I had a great summer.
Like a really, really great summer.
And even though it is coming to an end I do not feel sad. We literally completed EVERYTHING on our family summer bucket list and I leave the season feeling refreshed, energized and fulfilled. If this summer had a hashtag it would be #summersuccess.
As summer ends and the beginning of fall and a new school year approach, I am grateful for the return of routine in our life and the opportunity to meet a whole new class of Kindergarten learners.
Just like with any change in season, I have paused this week to reflect on what positives and life lessons/reminders I will take away from this summer. And in that reflection I have realized how much of it I will take and apply to my teacher life.
Here is what the summer has taught me...
1. Patience, moving slowly and being quiet are all things I need to get better at.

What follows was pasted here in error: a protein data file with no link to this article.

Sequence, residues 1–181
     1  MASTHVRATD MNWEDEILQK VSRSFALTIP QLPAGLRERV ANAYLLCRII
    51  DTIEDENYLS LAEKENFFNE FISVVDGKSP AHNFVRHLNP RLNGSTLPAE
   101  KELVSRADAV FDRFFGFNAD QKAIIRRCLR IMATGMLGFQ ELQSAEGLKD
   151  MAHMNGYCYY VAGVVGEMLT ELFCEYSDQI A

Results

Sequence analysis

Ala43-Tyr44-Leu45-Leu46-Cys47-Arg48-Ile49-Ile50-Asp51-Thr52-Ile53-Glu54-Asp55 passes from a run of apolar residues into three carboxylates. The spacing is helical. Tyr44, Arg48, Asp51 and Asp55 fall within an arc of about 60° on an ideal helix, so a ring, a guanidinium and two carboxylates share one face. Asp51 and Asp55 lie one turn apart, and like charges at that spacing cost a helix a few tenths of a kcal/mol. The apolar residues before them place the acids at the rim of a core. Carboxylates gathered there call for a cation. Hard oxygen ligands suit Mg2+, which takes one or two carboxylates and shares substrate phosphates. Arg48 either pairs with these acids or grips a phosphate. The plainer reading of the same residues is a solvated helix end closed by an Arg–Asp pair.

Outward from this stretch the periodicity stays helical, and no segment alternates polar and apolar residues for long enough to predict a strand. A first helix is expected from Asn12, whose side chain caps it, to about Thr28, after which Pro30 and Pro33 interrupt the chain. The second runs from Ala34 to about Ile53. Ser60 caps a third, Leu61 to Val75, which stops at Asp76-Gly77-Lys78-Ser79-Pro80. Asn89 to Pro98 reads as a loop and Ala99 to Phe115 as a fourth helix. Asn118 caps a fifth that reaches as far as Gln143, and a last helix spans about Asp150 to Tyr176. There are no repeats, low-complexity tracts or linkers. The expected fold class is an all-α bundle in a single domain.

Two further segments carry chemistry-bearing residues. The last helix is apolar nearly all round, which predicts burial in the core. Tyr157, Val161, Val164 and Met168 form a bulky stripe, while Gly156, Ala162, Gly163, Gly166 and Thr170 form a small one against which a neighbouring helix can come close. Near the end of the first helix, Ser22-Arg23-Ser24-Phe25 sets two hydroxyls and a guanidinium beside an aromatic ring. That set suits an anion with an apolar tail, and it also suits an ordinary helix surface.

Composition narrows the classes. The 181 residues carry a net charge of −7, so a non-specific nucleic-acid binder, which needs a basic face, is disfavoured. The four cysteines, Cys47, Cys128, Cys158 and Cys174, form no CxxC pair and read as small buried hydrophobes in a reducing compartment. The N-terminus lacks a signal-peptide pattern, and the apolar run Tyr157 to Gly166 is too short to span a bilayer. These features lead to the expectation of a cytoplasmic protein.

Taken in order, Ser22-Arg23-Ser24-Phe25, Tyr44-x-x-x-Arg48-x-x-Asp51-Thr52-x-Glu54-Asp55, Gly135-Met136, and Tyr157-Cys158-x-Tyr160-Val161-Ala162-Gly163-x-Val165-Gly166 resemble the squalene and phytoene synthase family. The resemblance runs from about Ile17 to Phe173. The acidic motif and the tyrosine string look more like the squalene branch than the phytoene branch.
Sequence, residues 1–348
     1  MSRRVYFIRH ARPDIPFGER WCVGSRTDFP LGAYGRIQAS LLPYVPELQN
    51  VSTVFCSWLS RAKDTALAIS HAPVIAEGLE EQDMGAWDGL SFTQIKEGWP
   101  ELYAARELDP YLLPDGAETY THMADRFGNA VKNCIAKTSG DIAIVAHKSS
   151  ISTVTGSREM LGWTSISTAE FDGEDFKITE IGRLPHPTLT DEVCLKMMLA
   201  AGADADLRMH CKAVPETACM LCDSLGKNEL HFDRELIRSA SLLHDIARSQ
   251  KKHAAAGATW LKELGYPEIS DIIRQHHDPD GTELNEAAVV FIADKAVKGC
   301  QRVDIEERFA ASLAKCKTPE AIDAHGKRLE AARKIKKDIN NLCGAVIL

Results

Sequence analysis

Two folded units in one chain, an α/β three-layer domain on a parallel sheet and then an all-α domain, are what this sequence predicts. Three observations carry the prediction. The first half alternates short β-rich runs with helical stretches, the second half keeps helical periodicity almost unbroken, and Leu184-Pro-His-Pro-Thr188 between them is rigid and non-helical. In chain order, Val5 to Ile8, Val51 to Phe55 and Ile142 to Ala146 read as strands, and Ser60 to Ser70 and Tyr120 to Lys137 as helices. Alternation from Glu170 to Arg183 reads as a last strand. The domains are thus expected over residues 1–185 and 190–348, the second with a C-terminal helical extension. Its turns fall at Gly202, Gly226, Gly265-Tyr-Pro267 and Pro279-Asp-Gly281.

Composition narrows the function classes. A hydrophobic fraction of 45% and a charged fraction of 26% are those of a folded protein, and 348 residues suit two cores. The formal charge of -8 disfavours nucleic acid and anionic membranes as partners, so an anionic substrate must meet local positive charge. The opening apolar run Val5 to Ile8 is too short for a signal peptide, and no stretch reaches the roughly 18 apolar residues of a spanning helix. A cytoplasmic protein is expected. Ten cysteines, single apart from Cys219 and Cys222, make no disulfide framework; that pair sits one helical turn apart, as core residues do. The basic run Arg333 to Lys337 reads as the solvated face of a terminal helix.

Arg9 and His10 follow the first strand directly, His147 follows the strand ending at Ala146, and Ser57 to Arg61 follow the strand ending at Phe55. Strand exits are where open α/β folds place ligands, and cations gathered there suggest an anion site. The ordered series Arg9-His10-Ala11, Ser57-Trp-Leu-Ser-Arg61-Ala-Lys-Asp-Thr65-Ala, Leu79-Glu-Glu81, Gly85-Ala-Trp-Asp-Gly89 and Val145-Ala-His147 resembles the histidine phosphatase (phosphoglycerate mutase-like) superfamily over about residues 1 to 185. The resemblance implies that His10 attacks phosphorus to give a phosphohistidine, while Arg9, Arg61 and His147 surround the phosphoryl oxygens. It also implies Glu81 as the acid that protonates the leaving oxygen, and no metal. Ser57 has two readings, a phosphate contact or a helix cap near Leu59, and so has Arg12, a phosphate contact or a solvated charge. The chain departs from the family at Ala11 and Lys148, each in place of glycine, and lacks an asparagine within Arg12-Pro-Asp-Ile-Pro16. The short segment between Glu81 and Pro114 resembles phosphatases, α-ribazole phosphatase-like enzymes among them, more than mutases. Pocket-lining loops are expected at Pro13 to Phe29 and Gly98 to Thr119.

I got hooked on building rock stacks this summer.
I am not a patient, slow or quiet person by nature. And my go getter-ness, impulsivity and voice have had wonderful impacts on my life. BUT, I need to practice patience, calmness and keeping quiet more.
Building these rock stacks this summer on our travels meant that I had to slow my mind, my body, my breathing and my voice in order to accomplish my goal of building stacks that were tall, strong and long lasting.
I am committing to practicing pateince more throughout my Kindergarten days. To slowing down. To enjoying calmness and stillness when it creeps in. To LISTENING to my students more and speaking less. To calming my mind and filling it with my passions when I feel overwhelmed. If I want to make strong, long lasting connections and relationships with my kiddos I KNOW that I need to practice these skills more.
I collected rocks all summer to bring to my students. I plan on showing them my rock stack pictures during the first week and then taking out my new rock collection and challenging them to stacking them in the classroom with me. Hopefully it will be a lesson in patience and passion for them and for me.
Thank you rock stacks.